Ajmal Amir Qasab is alleged to have opened fire on commuters
The leading suspect in last November's deadly attacks in the Indian city of Mumbai (Bombay) has pleaded not guilty to all the charges.
Mohammad Ajmal Amir Qasab told the court in India's financial capital: "It's all wrong. I'm not guilty."
The court has now fixed 86 charges that Mr Qasab will face and they include waging war against India, murder and possessing explosives.
More than 170 people died in the attacks, including nine gunmen.
Mr Qasab is the sole surviving suspected attacker.
Two Indians, Fahim Ansari and Sabauddin Ahmed, are also on trial accused of being members of the Lashkar-e-Taiba militant group and of scouting for the attacks.
They pleaded not guilty to conspiracy to commit the same offences as Mr Qasab.
The BBC's Prachi Pinglay, in court in Mumbai, said Mr Qasab was dressed in a striped shirt and appeared relaxed, at times smiling.
MAIN QASAB CHARGES
Waging war on India
Conspiracy to murder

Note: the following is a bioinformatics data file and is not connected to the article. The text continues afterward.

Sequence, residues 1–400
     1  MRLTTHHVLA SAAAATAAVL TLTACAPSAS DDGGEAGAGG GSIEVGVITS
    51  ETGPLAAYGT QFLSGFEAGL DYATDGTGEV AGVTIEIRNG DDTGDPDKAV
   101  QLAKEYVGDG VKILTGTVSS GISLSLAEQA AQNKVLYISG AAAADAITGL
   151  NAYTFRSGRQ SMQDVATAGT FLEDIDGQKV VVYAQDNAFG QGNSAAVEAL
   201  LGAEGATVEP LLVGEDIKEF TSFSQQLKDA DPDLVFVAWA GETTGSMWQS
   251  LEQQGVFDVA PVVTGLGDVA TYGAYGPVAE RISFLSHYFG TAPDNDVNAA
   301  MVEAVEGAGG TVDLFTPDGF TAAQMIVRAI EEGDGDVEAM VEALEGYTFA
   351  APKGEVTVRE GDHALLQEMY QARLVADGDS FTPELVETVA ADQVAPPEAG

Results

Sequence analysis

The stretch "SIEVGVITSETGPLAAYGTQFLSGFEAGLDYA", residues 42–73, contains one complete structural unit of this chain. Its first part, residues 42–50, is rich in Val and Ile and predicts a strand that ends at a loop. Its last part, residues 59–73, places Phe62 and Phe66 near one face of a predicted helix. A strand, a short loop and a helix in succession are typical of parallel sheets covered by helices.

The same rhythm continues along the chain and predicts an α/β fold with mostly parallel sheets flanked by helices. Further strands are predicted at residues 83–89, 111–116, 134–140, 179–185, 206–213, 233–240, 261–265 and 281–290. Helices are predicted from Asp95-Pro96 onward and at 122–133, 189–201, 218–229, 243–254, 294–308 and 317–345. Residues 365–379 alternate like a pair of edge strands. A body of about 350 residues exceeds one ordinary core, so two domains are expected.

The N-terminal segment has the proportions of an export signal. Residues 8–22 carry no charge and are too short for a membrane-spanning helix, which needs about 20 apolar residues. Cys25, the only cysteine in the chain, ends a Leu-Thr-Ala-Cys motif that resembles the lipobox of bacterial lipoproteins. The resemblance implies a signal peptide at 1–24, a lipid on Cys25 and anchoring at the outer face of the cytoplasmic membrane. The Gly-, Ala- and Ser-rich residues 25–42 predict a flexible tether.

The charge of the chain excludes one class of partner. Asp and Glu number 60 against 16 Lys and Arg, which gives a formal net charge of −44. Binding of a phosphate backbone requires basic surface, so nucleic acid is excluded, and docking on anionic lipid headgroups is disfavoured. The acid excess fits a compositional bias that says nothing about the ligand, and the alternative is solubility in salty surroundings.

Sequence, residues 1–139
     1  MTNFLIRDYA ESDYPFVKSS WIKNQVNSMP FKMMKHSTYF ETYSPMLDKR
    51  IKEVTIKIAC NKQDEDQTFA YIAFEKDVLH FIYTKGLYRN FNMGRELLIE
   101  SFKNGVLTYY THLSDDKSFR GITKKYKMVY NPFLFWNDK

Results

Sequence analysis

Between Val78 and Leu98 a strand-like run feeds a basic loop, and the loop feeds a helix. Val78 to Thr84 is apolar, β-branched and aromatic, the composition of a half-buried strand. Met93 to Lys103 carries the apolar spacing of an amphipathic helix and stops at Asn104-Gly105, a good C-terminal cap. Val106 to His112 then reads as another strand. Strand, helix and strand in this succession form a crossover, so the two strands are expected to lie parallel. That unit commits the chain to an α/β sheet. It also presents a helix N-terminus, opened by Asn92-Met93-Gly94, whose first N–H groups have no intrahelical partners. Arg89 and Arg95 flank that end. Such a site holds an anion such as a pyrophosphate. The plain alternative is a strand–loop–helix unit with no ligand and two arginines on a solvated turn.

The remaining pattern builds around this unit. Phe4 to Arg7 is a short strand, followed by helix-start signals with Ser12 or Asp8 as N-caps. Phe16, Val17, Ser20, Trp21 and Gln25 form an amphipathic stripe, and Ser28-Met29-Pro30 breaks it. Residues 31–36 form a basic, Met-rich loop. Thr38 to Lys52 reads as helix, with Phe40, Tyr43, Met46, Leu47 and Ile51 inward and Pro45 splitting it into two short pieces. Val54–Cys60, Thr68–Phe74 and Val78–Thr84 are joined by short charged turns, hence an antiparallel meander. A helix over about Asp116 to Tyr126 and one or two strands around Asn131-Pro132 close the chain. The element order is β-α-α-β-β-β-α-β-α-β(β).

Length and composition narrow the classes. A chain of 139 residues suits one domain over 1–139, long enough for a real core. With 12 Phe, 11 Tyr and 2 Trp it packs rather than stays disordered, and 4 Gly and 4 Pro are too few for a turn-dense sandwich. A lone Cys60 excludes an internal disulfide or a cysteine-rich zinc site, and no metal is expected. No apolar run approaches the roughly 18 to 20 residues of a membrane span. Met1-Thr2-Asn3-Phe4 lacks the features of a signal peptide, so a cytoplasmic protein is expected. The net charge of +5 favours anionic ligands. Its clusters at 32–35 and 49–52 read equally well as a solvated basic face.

Destabilising the government
Smuggling and possessing illegal arms and explosives
He confirmed his name and said he was a labourer from Faridkot in Pakistan's Punjab province.
The presiding judge, ML Tahiliyani, read out the charges at the special prison court.
Mr Qasab said that he understood the charges against him.
At one point Mr Qasab was asked to confirm his age as 21.
His defence had previously tried to argue he was under 18 and should be tried as a minor.
Mr Qasab sparked laughter in the courtroom when he said if the prosecutor had believed his earlier answer he would not now be in this court.
The Mumbai attacks seriously strained relations with Pakistan
If convicted, Mr Qasab could face the death penalty.
In an earlier hearing Mr Qasab retracted a confession, saying it was coerced.
It will be up to the judge to weight the evidence at the trial and decide whether the confession should be taken into account.
The attacks took place from 26-28 November.
India has accused Pakistan-based fighters from Lashkar-e-Taiba of carrying out the attacks.
Pakistan has admitted they were partly planned on its soil and the two countries have suffered seriously strained relations.